The coronavirus pandemic highlighted some of those border town tensions, said Hazel James, who is Diné and the San Juan Collaborative for Health Equity coordinator. In late spring, the Navajo Nation had some of the country’s highest coronavirus case numbers. People in border towns, such as Farmington, said they didn’t want Navajo individuals coming into town, she said.
“It’s just never going to change. That’s the way I feel,” James said.
Farmington and San Juan County officials are prioritizing relationship-building with the Navajo Nation, and their communities have made progress on the recommendations laid out in the federal reports.
“The Navajo Nation, they are such an important part of our community,” said Jack Fortner, San Juan County commissioner who recalled the events of 1974. “They are a crucial part of our economic viability, and more importantly, they’re an important part of our recovery from this COVID process.”
When asked how the county has improved, county officials focused on intergovernmental partnerships such as developing a railroad, waste transfer station operations and animal control services. Fortner also pointed to the fact that Native Americans hold high-level positions such as county commissioner, magistrate judge and human resources director.
Farmington Mayor Nate Duckett highlighted the creation of the Community Relations Commission in 2007, one of the report’s recommendations, and the Civility First Program, which helps businesses have positive relations with customers.
The Farmington Police Department tracks discrimination complaints, does safety trainings at Navajo schools and assists the Navajo Police Department with resources when needed, said Chief Steve Hebbe.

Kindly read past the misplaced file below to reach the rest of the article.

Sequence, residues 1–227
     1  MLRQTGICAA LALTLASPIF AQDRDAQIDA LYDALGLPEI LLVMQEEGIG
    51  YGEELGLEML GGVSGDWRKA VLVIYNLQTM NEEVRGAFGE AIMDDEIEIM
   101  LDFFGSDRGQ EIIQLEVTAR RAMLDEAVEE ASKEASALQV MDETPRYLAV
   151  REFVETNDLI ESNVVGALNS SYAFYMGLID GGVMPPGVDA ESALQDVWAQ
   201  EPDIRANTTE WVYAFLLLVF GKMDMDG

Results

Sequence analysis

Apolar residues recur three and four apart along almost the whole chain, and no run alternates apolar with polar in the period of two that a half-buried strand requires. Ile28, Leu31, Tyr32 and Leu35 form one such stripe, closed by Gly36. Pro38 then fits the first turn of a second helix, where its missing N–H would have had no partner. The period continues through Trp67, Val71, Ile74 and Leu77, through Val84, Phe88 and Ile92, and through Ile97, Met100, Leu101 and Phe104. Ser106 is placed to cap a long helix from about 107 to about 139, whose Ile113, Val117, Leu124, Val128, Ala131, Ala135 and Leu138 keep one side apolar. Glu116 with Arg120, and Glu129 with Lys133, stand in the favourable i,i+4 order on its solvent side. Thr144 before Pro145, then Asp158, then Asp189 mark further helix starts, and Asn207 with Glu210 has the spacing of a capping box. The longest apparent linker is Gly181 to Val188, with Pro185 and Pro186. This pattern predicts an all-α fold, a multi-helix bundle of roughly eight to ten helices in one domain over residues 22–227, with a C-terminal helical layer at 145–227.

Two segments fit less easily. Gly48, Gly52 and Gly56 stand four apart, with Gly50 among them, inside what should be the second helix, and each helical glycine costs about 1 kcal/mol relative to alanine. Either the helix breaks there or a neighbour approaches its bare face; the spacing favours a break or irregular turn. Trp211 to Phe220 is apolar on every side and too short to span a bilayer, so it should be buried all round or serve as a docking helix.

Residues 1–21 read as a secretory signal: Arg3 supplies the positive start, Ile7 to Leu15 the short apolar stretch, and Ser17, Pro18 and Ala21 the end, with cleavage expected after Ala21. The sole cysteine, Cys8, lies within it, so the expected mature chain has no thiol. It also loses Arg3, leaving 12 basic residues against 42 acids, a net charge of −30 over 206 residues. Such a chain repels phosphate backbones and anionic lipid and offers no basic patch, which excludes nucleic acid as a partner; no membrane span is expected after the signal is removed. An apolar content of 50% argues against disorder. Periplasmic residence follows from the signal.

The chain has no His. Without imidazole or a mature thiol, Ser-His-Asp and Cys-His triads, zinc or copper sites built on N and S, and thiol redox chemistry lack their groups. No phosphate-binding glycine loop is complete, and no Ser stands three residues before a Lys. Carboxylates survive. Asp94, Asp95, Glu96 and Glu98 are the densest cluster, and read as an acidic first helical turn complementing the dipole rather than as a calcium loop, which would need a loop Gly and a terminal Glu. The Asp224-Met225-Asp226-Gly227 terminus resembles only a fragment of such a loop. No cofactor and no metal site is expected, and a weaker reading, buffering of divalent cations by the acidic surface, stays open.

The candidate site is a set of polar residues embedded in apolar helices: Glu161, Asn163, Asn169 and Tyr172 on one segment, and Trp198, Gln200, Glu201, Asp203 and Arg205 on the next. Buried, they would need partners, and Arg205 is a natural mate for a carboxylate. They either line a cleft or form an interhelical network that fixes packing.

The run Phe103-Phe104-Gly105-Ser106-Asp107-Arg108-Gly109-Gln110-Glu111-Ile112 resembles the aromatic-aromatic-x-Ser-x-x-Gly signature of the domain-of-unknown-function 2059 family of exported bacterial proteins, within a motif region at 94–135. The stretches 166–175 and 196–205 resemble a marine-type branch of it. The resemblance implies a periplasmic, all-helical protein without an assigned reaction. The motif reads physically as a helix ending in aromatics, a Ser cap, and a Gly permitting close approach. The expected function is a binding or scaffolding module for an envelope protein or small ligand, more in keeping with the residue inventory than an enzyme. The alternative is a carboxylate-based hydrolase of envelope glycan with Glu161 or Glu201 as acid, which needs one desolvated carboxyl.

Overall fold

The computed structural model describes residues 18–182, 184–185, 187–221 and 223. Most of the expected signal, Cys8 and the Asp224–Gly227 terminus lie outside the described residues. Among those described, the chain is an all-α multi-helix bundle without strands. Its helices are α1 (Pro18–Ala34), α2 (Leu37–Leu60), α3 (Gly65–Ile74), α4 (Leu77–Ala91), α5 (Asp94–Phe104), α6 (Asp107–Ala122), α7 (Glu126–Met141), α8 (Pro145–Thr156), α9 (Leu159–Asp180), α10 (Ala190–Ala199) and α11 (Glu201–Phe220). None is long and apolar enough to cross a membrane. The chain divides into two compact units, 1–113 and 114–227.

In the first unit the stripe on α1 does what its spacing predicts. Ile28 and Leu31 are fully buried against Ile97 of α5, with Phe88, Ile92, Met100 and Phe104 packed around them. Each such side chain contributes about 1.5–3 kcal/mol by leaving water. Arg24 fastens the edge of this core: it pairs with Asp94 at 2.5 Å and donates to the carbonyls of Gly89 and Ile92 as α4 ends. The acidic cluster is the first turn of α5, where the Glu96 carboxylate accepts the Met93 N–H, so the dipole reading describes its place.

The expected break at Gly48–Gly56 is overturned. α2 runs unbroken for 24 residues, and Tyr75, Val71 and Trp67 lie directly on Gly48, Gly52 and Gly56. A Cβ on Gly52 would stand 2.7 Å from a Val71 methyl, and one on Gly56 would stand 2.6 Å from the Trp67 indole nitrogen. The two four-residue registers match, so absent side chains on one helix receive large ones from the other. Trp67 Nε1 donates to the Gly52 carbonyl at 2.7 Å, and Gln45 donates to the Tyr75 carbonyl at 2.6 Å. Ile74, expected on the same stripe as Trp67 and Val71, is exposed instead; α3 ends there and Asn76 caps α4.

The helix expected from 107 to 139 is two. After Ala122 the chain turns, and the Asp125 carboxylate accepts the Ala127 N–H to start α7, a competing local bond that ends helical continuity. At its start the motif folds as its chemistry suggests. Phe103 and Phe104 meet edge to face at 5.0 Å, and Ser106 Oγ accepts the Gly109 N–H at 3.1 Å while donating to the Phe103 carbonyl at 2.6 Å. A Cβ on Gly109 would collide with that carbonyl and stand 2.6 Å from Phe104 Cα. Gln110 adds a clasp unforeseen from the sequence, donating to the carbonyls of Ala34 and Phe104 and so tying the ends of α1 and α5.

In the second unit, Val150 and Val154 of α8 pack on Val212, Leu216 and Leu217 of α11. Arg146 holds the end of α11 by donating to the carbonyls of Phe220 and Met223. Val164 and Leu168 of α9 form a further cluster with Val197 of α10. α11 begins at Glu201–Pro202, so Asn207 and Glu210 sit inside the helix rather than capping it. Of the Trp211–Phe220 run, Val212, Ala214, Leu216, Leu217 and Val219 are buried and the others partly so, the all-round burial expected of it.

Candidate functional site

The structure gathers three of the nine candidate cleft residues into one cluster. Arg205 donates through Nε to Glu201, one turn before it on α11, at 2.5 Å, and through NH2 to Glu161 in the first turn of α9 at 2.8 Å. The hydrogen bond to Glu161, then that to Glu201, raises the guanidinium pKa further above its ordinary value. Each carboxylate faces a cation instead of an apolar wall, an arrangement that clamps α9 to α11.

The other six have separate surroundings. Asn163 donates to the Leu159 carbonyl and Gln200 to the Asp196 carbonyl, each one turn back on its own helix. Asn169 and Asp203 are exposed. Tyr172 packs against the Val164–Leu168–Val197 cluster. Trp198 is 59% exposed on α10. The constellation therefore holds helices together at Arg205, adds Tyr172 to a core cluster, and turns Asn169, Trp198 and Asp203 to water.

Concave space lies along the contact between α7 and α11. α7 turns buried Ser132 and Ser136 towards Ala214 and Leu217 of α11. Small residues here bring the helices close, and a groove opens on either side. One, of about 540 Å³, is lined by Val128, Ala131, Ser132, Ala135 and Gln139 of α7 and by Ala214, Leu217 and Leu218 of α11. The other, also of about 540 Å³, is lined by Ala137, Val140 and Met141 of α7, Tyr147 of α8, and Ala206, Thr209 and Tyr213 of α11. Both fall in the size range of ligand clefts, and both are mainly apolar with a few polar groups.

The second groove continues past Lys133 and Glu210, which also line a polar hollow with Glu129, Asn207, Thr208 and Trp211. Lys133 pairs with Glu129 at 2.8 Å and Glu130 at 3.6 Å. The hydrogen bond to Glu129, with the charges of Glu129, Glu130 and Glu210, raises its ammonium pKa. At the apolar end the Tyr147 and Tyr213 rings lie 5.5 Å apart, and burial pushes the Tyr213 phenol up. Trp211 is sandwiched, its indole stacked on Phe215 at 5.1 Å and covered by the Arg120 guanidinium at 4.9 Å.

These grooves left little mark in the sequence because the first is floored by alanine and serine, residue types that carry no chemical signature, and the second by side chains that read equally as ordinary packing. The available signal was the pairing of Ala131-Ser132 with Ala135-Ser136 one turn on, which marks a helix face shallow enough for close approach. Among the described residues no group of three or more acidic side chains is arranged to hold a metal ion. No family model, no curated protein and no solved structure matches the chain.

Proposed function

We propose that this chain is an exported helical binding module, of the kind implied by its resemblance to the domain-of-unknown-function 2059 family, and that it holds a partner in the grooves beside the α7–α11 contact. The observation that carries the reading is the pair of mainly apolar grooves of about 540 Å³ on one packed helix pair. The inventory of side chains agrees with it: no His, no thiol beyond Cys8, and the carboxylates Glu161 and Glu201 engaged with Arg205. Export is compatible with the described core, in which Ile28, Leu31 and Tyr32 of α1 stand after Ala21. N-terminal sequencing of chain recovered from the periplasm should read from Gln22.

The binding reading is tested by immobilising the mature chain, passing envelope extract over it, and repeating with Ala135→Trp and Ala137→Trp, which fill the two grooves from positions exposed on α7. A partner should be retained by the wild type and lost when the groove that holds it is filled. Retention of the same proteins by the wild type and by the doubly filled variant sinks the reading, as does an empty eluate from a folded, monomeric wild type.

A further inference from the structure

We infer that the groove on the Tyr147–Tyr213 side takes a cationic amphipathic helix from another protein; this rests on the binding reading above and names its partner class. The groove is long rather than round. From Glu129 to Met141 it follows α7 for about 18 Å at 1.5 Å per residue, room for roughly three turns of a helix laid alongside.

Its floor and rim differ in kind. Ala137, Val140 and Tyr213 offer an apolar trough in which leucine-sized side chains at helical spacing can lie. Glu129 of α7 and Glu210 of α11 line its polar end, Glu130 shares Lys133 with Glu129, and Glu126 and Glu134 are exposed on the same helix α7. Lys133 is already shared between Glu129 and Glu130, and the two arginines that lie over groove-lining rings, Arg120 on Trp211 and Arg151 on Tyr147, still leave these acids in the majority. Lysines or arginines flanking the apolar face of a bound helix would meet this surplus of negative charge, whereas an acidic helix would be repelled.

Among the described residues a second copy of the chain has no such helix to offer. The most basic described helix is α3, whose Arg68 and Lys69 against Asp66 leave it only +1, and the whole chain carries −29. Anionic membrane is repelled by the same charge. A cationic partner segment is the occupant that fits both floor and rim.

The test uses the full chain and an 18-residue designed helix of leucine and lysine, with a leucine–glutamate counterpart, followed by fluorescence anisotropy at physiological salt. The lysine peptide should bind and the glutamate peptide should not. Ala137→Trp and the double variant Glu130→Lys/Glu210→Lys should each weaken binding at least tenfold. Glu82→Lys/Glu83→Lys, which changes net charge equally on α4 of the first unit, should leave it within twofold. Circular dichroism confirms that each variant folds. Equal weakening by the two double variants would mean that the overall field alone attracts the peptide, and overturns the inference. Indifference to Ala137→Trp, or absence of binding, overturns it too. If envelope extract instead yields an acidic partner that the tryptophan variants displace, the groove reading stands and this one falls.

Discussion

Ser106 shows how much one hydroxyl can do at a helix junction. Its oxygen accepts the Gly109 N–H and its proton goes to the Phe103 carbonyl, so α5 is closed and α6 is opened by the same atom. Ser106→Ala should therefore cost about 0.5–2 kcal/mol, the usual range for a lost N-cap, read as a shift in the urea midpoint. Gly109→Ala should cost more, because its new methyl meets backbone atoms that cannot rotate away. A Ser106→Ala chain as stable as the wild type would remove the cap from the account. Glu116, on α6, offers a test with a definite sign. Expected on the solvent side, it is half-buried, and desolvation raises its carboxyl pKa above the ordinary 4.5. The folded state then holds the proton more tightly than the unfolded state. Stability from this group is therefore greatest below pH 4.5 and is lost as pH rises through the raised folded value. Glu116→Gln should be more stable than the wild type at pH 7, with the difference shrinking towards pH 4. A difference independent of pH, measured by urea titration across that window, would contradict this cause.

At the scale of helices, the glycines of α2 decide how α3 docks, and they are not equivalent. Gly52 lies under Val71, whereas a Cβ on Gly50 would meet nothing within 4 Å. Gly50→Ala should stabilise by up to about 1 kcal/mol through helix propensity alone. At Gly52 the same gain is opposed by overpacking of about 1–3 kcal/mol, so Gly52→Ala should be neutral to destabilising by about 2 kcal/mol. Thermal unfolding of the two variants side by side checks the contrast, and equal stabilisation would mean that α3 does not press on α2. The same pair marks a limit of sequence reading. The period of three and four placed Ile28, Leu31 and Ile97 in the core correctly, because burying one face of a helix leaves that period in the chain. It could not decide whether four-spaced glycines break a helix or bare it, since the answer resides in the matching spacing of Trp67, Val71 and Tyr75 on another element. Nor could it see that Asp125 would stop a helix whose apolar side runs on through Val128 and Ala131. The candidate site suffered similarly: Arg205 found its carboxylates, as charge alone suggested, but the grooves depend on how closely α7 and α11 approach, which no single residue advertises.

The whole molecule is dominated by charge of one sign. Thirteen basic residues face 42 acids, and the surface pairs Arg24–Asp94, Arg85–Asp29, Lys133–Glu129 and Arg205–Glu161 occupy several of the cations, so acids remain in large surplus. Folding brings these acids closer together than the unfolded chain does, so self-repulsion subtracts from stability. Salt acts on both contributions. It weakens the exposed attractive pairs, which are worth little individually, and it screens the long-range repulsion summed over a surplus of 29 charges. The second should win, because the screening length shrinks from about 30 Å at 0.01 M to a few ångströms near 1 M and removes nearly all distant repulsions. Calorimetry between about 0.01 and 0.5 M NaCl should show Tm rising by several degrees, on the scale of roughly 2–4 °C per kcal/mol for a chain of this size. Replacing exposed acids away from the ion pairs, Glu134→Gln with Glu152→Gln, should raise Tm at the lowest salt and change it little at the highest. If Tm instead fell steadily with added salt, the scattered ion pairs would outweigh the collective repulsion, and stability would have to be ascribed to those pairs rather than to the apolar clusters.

Fortner said the county would be interested in meeting with leaders of the Navajo Nation to discuss historical and root causes of discrimination. The city of Farmington shared that willingness.
“It’s important that we acknowledge and remember the history of our area, the atrocities committed against Native Americans and the pain and distrust those acts have caused,” Duckett said. “As mayor, I will continue to reach out to and work cooperatively with the Navajo Nation’s leaders to strengthen the relationship of our communities.”
During interviews with the Herald, government officials often pivoted back to their accomplishments when asked about ongoing racial equity issues their institutions could address.
The only ongoing trend Fortner mentioned is the “bad alcohol problem in San Juan County and the Navajo reservation.” All the officials highlighted alcoholism services, such as the sobering facility created in 2016, as action they have taken to support both Navajo communities and anyone who needs those facilities.
“Them talking about the sobering facility, that sounds like the stereotype that the problem is drunk Indians,” Janene Yazzie said, an easy way to villainize Indigenous people without addressing root causes.
Hebbe said the police department needs to focus on recruiting Native Americans – currently 6% of the sworn officers are Native American. Duckett focused almost entirely on the region’s current economic recession and partnering “hand-in-hand” with the Navajo Nation to address it.
“I think people every day have issues they can work on,” Duckett said. “The individual has to make that commitment. What the city of Farmington is doing is outwardly presenting the Civility First mentality.”
County Manager Mike Stark focused on providing economic opportunities for Navajo community members and gathering community input.
“We can’t improve our performance if we’re not aware of issues,” Stark said.
“If the county and the city truly wished to address the problem of racism, it would have to look at those historical facts,” Chili Yazzie said. “That’s the root of this problem here.”